image Margaret Hunt
Please don’t be ‘put off’ by all this information about points of consideration in judging a garden. Rather, treat it as background knowledge to various elements found in a garden, which are subliminal and most probably you’ve unwittingly used them in your garden anyway. Your garden is your haven and primarily used either to enhance your home or to give you an outlet for your artistic, mental or physical well-being and to bring you joy. This in turn when shared with others makes it all worth the effort.
Garden Design – is generally the artistic principles to your garden. Aspects such as layout, colour, use of line, form and texture are important. Your garden should have ‘flow’ (encouraging a visitor to your garden to keep moving through into another or new vista) and also be a place that a visitor would feel comfortable.
Line – line is a useful design element. Everything in your garden involves line – either in the trunk of a tree, a borrowed landscape outside your property, or where the lawn ends and your garden beds begin. A footpath, driveway or fence are more obvious examples of line.
Line can be described in a number of ways – curved, straight, horizontal and vertical. None is more important than the others, each has its different impact on your garden. Strong lines can draw your eye into the landscape, directing both where the visitor will look and also where they’ll go.
Curved lines shape informal garden beds and add interest to pathways. Straight lines evoke a sense of order and a crispness which might appeal to some.
Soothing horizontal lines create a sense of stability for example the fence in the background of the above image. Vertical lines project a sense of strength and movement – as in the structural and solid lines of the tall timber in the image above.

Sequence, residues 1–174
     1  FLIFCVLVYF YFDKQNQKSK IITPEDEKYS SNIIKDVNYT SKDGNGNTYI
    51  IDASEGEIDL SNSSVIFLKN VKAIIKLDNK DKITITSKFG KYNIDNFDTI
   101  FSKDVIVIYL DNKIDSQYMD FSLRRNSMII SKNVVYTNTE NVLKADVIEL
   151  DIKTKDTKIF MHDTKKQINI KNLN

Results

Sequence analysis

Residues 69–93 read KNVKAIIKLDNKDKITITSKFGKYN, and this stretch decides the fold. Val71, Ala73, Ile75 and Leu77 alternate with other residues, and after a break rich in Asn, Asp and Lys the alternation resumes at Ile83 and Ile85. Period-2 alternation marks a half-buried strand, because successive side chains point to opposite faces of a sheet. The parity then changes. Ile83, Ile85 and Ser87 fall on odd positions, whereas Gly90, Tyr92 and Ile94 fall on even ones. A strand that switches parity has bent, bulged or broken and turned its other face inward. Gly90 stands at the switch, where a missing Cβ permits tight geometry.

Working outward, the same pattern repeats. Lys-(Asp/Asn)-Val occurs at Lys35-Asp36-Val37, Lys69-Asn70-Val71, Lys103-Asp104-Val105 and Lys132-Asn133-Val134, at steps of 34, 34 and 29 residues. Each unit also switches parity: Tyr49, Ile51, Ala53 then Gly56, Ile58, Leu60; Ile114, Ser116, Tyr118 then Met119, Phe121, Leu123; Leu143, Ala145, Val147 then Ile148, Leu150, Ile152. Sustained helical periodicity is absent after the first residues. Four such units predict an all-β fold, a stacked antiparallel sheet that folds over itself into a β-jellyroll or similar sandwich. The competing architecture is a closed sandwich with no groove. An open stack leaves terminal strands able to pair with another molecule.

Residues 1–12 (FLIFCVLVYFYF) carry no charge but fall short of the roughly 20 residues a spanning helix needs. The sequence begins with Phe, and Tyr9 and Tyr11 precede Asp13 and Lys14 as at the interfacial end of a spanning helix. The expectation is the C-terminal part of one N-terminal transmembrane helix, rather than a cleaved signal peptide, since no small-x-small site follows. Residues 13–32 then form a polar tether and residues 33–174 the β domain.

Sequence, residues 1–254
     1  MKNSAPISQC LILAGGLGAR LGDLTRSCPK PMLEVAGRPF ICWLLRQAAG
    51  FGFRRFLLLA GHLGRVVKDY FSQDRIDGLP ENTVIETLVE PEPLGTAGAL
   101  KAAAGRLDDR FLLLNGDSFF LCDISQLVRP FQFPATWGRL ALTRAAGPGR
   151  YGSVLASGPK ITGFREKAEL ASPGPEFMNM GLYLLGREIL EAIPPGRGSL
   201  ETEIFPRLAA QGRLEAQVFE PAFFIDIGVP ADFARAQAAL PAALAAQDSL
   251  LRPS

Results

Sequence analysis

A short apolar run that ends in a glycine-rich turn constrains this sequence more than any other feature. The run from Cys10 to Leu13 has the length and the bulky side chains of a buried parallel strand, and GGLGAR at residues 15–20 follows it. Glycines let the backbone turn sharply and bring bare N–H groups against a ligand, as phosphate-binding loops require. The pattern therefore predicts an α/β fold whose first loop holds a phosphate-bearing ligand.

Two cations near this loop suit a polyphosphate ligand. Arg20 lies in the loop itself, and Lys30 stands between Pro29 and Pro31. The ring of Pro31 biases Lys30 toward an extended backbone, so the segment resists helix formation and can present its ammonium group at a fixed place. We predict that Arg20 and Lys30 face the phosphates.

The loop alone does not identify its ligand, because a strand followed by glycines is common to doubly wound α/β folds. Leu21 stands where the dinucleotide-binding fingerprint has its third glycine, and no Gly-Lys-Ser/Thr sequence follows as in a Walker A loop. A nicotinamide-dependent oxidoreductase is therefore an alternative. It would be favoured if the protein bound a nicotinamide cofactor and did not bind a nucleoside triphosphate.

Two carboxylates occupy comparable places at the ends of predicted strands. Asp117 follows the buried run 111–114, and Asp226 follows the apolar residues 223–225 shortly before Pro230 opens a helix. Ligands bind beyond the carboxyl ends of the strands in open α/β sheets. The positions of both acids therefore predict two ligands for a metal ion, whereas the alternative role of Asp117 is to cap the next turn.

Texture – is something that entices us to touch, so is an emotional response to what we’re looking at. The characteristics of texture divide plants into three basic groups – course, medium and fine. Texture is not only limited to textural differences in foliage and flowers but also garden structures and additions can be used as well.
Form – the form and shape of plants and other objects in a garden work to divide space, enclose areas and to provide architectural interest. For example, grouping plants often displays their shape, texture and colour for fantastic effect.
Layout – think of it as a trouble-shooting and problem-solving process that makes your garden more livable and enjoyable. Changes that have been made to create privacy screen; dealing with an eroding slope; creating a beautiful view from inside the house; building a storage shed; creating a sun-filled veggie patch, these are all how you get good layout for your garden.
Colour – this is your opportunity to let it rip! Colour can be achieved in so many ways – flower colours, foliage, hard landscapes, painting structures. Create repetition of colours throughout your garden, plant in layers small to the front and large to the back to give depth to your garden. Play off containers, add interest in your garden with statement-making containers.